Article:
Is America the world’s supercop?
America the troubled Superpower.
Serious problems at home make it doubtful whether America can continue to play the role of “World Supercop” that it has played since World War II.
There were lines the United States would never think to cross
“As the 20th century came to an end, international politics still included a number of bad actors and many states wary of the preponderant power of the United States. And certainly there were lines the United States would never think to cross, such as direct confrontation with Russia over the treatment of Chechnya or with China over the treatment of Tibet. It would have to remain prudent in avoiding direct confrontation with the few remaining nuclear powers that could put up a serious fight. An example of this sort of prudence came in early 2001. An American EP-3 surveillance aircraft had to make an emergency landing on Chinese territory after colliding midair with a Chinese fighter plane dispatched to intercept it. With tensions rising, the George W. Bush administration chose to de-escalate the confrontation with an ambiguous statement of apology. “
So says Tod Lindberg in “The Depressed Hyperpower” (Commentary July 2013).
America’s superpower status is taken as a given by some and a sound bite by others these days. It is considered to be a very troubled Superpower by many.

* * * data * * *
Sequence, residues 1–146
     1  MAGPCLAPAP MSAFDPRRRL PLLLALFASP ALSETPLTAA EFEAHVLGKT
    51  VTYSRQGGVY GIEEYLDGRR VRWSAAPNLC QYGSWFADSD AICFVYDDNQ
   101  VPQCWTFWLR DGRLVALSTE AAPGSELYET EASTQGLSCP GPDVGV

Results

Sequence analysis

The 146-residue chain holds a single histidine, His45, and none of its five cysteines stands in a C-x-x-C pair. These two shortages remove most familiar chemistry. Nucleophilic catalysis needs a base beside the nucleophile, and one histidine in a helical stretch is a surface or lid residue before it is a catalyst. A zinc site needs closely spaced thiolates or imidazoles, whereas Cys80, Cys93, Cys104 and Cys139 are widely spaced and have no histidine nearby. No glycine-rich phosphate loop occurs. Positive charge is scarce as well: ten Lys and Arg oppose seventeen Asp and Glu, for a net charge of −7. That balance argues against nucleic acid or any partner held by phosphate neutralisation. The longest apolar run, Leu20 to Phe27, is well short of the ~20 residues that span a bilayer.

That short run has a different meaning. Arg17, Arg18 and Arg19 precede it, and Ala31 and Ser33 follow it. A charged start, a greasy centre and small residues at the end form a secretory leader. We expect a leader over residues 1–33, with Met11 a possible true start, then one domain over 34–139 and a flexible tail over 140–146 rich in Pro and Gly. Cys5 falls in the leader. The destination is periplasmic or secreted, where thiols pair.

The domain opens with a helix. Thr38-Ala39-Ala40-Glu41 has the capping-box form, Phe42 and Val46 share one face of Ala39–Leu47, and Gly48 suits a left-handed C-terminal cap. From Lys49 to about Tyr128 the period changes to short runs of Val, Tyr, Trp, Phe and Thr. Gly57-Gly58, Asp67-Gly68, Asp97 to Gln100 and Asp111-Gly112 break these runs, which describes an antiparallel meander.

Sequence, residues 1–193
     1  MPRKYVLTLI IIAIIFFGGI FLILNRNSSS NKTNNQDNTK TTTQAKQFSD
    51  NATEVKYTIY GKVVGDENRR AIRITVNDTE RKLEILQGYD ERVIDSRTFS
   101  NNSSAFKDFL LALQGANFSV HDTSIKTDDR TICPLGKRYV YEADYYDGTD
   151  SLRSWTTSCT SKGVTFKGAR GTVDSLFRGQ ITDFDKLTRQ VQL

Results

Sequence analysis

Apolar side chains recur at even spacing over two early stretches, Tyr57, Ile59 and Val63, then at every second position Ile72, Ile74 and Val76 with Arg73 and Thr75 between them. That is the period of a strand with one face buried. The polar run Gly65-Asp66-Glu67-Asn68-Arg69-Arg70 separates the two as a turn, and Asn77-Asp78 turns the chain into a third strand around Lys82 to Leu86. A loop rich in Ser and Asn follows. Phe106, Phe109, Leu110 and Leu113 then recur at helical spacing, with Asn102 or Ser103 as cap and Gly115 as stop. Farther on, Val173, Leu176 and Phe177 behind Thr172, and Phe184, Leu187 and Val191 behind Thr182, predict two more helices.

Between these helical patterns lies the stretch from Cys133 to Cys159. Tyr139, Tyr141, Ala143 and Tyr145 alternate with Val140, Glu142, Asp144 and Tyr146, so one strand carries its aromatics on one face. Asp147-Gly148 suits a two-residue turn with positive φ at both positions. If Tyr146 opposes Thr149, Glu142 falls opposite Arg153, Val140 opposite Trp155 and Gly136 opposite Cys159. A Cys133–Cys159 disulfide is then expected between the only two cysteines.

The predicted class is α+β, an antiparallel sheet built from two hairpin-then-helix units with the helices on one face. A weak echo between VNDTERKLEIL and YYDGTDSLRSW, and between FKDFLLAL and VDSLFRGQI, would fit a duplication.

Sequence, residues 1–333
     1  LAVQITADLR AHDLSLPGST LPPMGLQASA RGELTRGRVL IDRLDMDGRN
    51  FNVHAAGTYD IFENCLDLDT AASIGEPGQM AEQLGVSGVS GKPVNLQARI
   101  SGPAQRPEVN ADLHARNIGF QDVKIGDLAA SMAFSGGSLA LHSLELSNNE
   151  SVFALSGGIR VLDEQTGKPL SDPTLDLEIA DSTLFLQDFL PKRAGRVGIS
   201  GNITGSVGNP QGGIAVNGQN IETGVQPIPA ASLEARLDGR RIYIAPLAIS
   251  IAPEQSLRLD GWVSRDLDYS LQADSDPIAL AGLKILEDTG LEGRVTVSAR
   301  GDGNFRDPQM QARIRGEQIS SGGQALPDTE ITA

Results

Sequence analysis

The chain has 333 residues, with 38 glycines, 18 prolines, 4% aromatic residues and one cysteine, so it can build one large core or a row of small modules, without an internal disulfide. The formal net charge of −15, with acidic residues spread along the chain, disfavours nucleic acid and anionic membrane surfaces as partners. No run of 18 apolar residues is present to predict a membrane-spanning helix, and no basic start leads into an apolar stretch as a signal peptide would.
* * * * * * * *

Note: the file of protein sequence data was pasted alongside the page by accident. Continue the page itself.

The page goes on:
The World’s policeman since the end of World War II
The World’s policeman since the end of World War II American intervention is taken as a given in cases of emergency, with the U.S. expected to take an active – and sometimes proactive – role in putting together military coalitions when and where such intervention sis called for. Some cases, such as the 1st Iraq War of 1991, are more attractive to America’s allies than others – such as George W. Bush’s invasion of Iraq in 2003 (and the difficulty he encountered in talking other countries into joining the American expeditionary force).
Europe, to cite an example, did not even intervene militarily – for whatever – reason in its own back yard in the nineteen nineties when thousands of Bosnian Muslims were slaughtered by their Serb neighbors and erstwhile compatriots. America, however, did intervene.
Today, with America’s fall from grace both economically and psychologically, may have to redefine its role in world affairs.
Read on for more of Tod Lindberg’s interesting take on what’s ailing The United States re its ability to continue to be the world’s ruling superpower.